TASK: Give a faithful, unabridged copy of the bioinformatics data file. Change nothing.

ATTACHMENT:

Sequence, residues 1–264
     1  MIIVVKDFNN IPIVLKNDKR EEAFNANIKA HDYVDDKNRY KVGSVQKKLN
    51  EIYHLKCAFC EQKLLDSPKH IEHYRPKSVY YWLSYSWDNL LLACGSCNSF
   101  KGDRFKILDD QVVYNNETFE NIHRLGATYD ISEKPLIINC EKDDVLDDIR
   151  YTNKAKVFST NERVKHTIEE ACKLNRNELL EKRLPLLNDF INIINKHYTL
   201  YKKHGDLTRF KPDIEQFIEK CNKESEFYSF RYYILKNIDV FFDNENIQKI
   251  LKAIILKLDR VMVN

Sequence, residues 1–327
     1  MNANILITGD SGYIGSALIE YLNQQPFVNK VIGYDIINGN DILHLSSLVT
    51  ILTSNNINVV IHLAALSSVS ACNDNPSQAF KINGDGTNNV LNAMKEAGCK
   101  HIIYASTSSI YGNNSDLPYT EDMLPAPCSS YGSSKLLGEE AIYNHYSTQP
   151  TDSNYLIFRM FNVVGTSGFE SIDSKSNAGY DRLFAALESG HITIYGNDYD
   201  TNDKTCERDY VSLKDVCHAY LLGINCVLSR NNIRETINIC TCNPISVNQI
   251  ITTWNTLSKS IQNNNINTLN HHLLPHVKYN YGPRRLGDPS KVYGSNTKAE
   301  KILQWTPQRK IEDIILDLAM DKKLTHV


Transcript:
Sequence, residues 1–264
     1  MIIVVKDFNN IPIVLKNDKR EEAFNANIKA HDYVDDKNRY KVGSVQKKLN
    51  EIYHLKCAFC EQKLLDSPKH IEHYRPKSVY YWLSYSWDNL LLACGSCNSF
   101  KGDRFKILDD QVVYNNETFE NIHRLGATYD ISEKPLIINC EKDDVLDDIR
   151  YTNKAKVFST NERVKHTIEE ACKLNRNELL EKRLPLLNDF INIINKHYTL
   201  YKKHGDLTRF KPDIEQFIEK CNKESEFYSF RYYILKNIDV FFDNENIQKI
   251  LKAIILKLDR VMVN

Sequence, residues 1–327
     1  MNANILITGD SGYIGSALIE YLNQQPFVNK VIGYDIINGN DILHLSSLVT
    51  ILTSNNINVV IHLAALSSVS ACNDNPSQAF KINGDGTNNV LNAMKEAGCK
   101  HIIYASTSSI YGNNSDLPYT EDMLPAPCSS YGSSKLLGEE AIYNHYSTQP
   151  TDSNYLIFRM FNVVGTSGFE SIDSKSNAGY DRLFAALESG HITIYGNDYD
   201  TNDKTCERDY VSLKDVCHAY LLGINCVLSR NNIRETINIC TCNPISVNQI
   251  ITTWNTLSKS IQNNNINTLN HHLLPHVKYN YGPRRLGDPS KVYGSNTKAE
   301  KILQWTPQRK IEDIILDLAM DKKLTHV